Sunday, October 20, 2013

Cheesman Canyon- 10/19/13

There are some places that are so beautiful, that it is hard to do them justice with words.  The South Platte River through Cheesman Canyon is one of those places.  A place that Colorado anglers hold dear in their hearts, where truly wild and beautiful trout roam free and thrive.  There are very few places where we fish where the river is not enhanced by the helping hand of man,  that it is so great that there are still rivers out there that are still healthy enough to be self sustaining.   

Walking the narrow trail above the edge of Cheesman Canyon with the boulder spewed river below glistening in the morning light is my favorite sight in fly fishing.  The 30 minute walk into the canyon to hike Gill Trail all day long is worth it enough, even if the fish are not willing to eat our flies.  I understand that we all enjoy bringing fish to the net, but if you plan on fishing Cheesman regularly, you must start to appreciate this amazing river for what it truly is.

This river is not easy.  It is a graduate course in fly fishing, where anglers can come to test their skills.  One day you can have an amazing day on the river, catching some very nice trout in the various deep pools, while the next day, you can find it nearly impossible to even see a fish, let alone fool any.  Fly selection has to be perfect, matching the size and color the naturals that are in the river.  But the most important skill a fisherman has to have to be successful in Cheesman is the ability to control your drifts. With the myriad of different currents and depths, anglers must come prepared to adjust weight and indicator depth, while working to have a perfect drift on every cast.  It's the difficulty in achieving this that makes the canyon so tough to fish, but the skills it teaches you help an angler to be successful on any river that they fish.

Sunday, October 13, 2013

Charlie Meyers SWA- 10/12/13

I've said it before, but one of my favorite things about fly fishing is the continuing newness that is involved in every outing.  There is always a new adventure to be had, whether it is a new river, new fishing buddies, new fly patterns to fish, or as was the case yesterday, a new species to try to catch.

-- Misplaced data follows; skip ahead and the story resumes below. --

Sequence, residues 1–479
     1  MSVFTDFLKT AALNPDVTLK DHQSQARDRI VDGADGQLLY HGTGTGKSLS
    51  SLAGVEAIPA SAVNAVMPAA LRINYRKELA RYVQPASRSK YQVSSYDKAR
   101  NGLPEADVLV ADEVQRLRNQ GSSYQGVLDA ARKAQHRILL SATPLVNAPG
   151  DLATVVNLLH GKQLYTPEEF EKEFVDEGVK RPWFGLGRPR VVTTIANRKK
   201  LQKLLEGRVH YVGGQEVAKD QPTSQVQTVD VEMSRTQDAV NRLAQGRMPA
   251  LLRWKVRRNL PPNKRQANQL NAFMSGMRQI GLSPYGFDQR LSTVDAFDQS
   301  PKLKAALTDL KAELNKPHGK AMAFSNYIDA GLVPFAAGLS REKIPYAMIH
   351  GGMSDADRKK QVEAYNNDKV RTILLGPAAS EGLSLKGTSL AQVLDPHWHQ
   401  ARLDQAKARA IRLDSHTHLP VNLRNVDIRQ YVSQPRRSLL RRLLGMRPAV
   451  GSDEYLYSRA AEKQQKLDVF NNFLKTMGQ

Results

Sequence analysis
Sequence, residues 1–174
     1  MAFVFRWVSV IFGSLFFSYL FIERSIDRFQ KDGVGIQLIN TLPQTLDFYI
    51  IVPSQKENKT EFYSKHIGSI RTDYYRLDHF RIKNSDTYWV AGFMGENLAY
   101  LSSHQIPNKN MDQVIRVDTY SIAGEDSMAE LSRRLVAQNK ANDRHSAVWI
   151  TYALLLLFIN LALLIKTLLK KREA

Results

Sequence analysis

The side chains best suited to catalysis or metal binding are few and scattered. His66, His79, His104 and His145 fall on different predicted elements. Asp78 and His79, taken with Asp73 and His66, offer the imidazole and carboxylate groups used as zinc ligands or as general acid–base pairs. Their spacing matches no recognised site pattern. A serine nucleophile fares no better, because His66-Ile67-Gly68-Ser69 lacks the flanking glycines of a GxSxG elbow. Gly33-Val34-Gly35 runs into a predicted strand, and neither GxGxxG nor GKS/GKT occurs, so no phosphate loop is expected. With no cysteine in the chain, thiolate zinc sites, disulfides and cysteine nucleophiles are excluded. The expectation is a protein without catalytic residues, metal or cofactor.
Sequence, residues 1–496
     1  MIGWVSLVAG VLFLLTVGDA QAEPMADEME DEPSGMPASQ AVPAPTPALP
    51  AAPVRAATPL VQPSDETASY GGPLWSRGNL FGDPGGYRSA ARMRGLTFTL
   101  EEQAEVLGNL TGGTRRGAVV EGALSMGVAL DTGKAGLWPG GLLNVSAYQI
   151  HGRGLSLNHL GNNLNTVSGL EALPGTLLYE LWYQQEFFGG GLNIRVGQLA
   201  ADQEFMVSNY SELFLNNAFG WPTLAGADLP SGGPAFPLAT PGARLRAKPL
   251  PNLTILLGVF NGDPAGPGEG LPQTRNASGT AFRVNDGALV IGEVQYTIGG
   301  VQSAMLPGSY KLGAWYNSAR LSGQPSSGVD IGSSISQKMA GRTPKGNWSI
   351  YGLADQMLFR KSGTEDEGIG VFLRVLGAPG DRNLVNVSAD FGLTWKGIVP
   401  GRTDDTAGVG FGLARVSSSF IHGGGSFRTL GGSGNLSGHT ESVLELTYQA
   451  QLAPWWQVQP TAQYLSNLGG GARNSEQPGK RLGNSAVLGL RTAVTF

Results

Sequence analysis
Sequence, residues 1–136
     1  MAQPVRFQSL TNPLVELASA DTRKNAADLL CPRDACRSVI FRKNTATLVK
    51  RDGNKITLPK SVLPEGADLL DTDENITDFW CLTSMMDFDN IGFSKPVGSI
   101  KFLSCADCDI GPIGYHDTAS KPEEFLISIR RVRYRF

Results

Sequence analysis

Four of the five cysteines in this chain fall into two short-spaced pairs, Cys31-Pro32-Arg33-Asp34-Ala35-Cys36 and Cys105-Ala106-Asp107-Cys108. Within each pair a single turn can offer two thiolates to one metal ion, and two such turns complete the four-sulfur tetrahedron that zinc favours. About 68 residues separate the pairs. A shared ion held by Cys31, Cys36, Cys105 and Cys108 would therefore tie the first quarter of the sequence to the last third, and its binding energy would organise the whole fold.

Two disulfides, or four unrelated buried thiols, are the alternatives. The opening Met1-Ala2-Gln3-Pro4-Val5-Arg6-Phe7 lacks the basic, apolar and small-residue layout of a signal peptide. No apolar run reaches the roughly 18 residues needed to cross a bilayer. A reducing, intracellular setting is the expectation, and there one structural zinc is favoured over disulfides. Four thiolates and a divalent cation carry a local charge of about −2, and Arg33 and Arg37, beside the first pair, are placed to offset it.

I have fished the Dream Stream many times in the last couple years, and have learned to enjoy this ever changing river.  Every season brings so much change to the stream, with large Rainbows in the spring and monster Browns in the fall pushing into the stream from Eleven Mile reservoir to spawn.  The summer months bring outstanding fishing, with so many different hatches occurring, sometimes all in the same day.  We headed up to South Park this past weekend, with hopeful optimism of catching the Brown of lifetime.  With such low flows (33cfs), the large influx of Brown Trout had not pushed into the river yet, but there were Kokanee Salmon everywhere.  Every deep pool had large pods of salmon in them, mostly large males with huge hook jaws.  I was super excited to hook and land a few of these crazy looking fish, including a very nice male.  With the low flows, it was crazy to watch your flies drift through the pods of Kokanee, with the occasional instinctive reaction to strike.  They fought hard, with quick powerful runs and lot of acrobatics.  I now see what the draw is for anglers who pursue these fish every fall, running around the state trying to find and catch them.  It is a rush to hook salmon, and is so cool that we can do it in our beautiful state.

Just another day in the life of fly fishing junkie, where every time on the water brings a new adventure!!